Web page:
Customer Service | Help | FAQ | PEP-Easy | Report a Data Error | About
Tip: To see translations of Freud SE or GW…

PEP-Web Tip of the Day

When you hover your mouse over a paragraph of the Standard Edition (SE) long enough, the corresponding text from Gesammelte Werke slides from the bottom of the PEP-Web window, and vice versa.

If the slide up window bothers you, you can turn it off by checking the box “Turn off Translations” in the slide-up. But if you’ve turned it off, how do you turn it back on? The option to turn off the translations only is effective for the current session (it uses a stored cookie in your browser). So the easiest way to turn it back on again is to close your browser (all open windows), and reopen it.

For the complete list of tips, see PEP-Web Tips on the PEP-Web support page.

Barnett, R. (2019). On Get Out and the Problem of Racialized Aliveness. Studies in Gender and Sexuality, 20(3):204-208.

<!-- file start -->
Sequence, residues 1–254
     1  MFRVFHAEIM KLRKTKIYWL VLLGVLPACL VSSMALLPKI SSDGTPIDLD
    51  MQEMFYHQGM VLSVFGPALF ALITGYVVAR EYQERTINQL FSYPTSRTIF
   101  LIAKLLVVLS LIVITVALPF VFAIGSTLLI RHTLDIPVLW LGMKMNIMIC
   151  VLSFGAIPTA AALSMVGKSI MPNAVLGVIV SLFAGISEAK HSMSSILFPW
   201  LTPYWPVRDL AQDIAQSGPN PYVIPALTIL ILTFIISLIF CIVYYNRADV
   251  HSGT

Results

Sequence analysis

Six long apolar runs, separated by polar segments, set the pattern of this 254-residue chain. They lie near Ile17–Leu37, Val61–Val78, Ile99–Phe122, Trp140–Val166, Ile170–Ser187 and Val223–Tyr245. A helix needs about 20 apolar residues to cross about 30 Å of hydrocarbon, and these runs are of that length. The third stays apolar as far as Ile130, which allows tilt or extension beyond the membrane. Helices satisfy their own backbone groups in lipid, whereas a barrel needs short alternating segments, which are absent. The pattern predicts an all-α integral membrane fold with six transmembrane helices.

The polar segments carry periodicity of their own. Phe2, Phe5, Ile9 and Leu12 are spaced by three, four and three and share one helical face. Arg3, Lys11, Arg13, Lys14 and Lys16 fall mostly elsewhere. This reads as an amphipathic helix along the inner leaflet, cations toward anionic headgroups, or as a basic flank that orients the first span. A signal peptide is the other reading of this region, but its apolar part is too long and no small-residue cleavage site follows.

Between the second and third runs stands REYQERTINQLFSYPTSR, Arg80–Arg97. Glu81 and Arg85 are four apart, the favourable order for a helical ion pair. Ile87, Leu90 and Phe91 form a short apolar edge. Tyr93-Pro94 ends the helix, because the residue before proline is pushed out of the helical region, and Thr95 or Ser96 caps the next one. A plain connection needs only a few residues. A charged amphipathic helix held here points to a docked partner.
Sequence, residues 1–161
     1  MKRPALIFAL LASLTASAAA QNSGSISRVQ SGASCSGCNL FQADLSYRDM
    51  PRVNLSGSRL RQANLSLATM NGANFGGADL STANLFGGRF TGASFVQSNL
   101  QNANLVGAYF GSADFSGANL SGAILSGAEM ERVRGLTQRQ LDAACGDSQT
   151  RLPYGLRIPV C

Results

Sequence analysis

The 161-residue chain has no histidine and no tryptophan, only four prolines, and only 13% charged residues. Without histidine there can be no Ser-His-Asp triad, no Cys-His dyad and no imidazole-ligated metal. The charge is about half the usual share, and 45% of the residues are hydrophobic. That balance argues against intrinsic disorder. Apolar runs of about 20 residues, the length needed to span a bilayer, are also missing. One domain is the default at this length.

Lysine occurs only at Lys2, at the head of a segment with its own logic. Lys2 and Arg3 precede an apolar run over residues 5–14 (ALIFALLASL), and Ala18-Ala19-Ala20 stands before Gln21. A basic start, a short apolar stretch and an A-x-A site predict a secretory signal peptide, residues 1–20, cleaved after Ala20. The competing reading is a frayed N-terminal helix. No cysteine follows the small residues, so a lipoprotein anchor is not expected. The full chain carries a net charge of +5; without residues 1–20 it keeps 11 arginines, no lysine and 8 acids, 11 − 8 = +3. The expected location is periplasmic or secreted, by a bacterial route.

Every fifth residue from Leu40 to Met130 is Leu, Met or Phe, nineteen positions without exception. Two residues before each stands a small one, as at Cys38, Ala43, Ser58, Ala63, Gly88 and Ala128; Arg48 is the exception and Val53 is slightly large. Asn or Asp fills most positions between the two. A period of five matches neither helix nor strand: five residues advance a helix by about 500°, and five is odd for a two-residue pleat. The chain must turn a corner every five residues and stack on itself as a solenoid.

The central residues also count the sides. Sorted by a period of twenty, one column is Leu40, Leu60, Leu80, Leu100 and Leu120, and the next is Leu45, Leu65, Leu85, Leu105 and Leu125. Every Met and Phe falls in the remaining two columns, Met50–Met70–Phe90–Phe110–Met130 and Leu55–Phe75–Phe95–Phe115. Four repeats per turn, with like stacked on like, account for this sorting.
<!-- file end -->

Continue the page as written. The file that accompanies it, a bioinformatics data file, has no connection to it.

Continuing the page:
(2019). Studies in Gender and Sexuality, 20(3):204-208

On Get Out and the Problem of Racialized Aliveness

Rebecca Barnett, B.A

In this short article, I explore Jordan Peele’s 2017 film Get Out as a compelling illustration of racialization as an attack on human “aliveness.” I argue that Peele’s film, a new kind of zombie narrative, urges psychosocial transformation not only through the radically inventive acts of its creatively resurrected protagonist, Chris, but also through its own subversive collaboration with the spectator.

[This is a summary excerpt from the full text of the journal article. The full text of the document is available to journal subscribers on the publisher's website here.]

Copyright © 2021, Psychoanalytic Electronic Publishing, ISSN 2472-6982 Customer Service | Help | FAQ | Download PEP Bibliography | Report a Data Error | About

WARNING! This text is printed for personal use. It is copyright to the journal in which it originally appeared. It is illegal to redistribute it in any form.